Perhaps the legislative reality of today’s Parliament is a reflection of the fact that were both Nkrumah and Danquah to be alive today, the latter would easier recognize the current democratic Ghana of a free press, vibrant opposition, independent judiciary and free enterprise than Nkrumah would. Is it therefore not a vindication of a legacy of enduring principles? Or is today’s Ghana an imperialist imposition and today’s press, including The Insight, stooges of neo-colonialism?
In 2009, in celebrating Kwame Nkrumah’s centenary, the President and his Nkrumaist friends told the nation that Nkrumah was the only founder of Ghana and therefore established a ‘Founder’s Day’ to commemorate this. Indeed, they could have called it Nkrumah’s Day without raising a decibel of protest as Nkrumah truly deserves to be honoured for his immense contribution both to our national and continental efforts for self-government and self-reliance. But, the statement intended had to cut deeper than that. It was to spite the decades of collective effort against colonialism, raise Nkrumah and erase the contributions of other giant nationalists of the period.
Then, in line with the Mills administration’s free exercise books policy, they distributed exercise books to schools across the country, with a short biography of Nkrumah’s positive deeds. Nothing wrong with that, perhaps. But, it ends by saying Nkrumah’s deeds were cut short when he was overthrown in February 1966 by ‘his political opponents’ – impliedly the Danquah-Dombo-Busia group -- in modern political terms, the New Patriotic Party (NPP).
It may not be that pronounced to some people and, yet, it is as plain as a pikestaff to the memory of the ‘Big Six’. President John Atta Mills, and his cohorts are determined to condition future voters against the NPP, by re-portraying NPP and its ancestors as ‘bomb-throwers’ and ‘nation-wreckers.’ This is the danger which should be obvious to all lovers of multi-party democracy and true students of history. This is a fact that should be obvious to the NPP rather than falling for the cheap propaganda ploy by both Dr Kwesi Ndoum’s Today newspaper and Kwesi Pratt’s Insight that a criticism of Nkrumah is a vote lost to Akufo-Addo.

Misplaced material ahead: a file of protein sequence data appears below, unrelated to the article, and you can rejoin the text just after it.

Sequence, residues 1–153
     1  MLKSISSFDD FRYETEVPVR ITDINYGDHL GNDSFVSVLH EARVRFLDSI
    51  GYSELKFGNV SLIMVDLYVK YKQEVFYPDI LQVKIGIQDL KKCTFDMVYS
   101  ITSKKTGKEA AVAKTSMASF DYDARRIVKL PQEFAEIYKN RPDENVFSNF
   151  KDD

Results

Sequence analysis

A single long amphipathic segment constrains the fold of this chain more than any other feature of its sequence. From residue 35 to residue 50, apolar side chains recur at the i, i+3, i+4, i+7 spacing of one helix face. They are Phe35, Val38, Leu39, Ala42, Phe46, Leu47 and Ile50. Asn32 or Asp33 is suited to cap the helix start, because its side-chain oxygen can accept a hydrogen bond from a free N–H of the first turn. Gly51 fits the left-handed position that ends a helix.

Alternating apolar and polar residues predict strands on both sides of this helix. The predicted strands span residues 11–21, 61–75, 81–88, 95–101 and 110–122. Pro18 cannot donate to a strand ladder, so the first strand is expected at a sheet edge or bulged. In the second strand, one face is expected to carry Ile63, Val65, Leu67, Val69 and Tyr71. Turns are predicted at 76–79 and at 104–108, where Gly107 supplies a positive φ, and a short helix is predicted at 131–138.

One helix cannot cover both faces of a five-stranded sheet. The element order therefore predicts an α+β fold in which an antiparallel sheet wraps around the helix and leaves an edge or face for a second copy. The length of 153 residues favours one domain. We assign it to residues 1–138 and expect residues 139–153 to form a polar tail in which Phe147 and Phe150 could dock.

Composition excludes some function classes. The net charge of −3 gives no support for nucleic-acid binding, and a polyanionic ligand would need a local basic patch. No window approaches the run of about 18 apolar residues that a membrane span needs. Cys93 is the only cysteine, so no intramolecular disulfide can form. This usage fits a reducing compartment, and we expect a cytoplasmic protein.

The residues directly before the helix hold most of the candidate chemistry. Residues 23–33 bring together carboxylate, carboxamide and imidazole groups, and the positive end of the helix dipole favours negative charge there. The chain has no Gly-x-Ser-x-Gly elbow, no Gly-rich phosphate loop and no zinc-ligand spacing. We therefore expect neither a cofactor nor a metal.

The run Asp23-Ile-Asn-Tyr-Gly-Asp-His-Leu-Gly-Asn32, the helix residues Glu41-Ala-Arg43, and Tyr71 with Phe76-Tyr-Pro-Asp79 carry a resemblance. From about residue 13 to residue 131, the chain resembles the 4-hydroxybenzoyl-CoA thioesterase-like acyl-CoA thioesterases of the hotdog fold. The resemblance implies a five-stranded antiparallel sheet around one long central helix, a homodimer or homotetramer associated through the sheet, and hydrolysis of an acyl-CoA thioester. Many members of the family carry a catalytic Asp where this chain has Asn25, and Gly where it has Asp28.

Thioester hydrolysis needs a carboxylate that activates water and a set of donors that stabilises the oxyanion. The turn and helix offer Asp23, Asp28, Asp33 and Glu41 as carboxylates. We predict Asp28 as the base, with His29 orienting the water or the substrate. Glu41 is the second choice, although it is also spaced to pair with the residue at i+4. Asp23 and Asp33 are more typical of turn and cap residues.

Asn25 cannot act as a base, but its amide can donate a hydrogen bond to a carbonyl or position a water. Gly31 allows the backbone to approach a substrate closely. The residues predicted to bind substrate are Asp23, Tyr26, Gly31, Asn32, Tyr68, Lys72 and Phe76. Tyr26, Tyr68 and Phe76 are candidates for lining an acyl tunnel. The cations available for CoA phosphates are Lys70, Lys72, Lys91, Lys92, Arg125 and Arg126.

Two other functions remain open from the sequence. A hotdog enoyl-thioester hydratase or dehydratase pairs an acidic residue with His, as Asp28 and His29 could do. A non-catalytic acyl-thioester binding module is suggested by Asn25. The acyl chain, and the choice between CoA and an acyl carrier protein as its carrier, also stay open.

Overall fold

So obvious is this propangadization that its protagonists would not wish us to pause and ask how come in April 1963 the people found ‘guilty’ of plotting the Kulungugu bombing (assassination attempt against President Nkrumah) were three men who, at the time, were Nkrumah’s closest cronies, ex-Foreign Minister Dr Ebenezer Ako Adjei, ex-Information Minister Tawiah Adamafio and H H Cofie-Crabbe former General Secretary of Nkrumah’s own ruling Convention People’s Party.
So incensed was the President when the Supreme Court decision on this treason trial did not go his way that he did something which every Constitution of the Republic has since sought to insulate the judiciary from –he sacked the Chief Justice (Aku Korsah) and the others, appointed his own and ensured his willed verdict against the accused persons was done.
During the five week tribunal, one of the defendants, Nigerian immigrant Malam Mama Tula, 44, testified that the trio were the real brains behind the Kulungugu presicide attempt, who conferred with the bomb throwers at a village hideout, supplied eight British-made grenades and promised a $560 bounty if Nkrumah was killed. The three, of course, pleaded not guilty, but ended up with their fate chained to the hangman’s discretion, with detainee H H Cofie Crabbe in Cell No. 8, next to Danquah’s Cell 9, condemned murderer Jospeh Adotei Addo in Cell 7, detainee Ako Adjei in Cell 6 and detainee Tawiah Adamafio in Cell 4.
But, the revisionists of today may be succeeding in blaming the ancestors of the NPP. To them, Nkrumah was taking Ghana to places but his political opponents staged a coup and killed it, reducing Ghana to today’s wretched status.
Yet, any attempt to set the records straight may be met by charges from within that ‘Gabby and co risk losing NPP, CPP votes!’ For their the Nkrumaists prefer not to respond directly to criticisms of their hero but to throw back counter allegations or attack those they see to be ‘attacking’ the good name of their hero.
If all of this is not a clear sign that there is a deliberate scheme to destroy the New Patriotic Party and its political tradition in the hearts and minds of new generation Ghanaians then think again. But, the danger in this deliberate distortion of history goes beyond any intention to discredit the NPP. In fact, it discredits our years of efforts to, among other things, discredit human rights abuses by the state, a one-party state system, dictatorship, political intolerance, disrespect for judicial independence, criminalization of dissent, media censorship, state capitalism, and the cult of personality.
To be continued…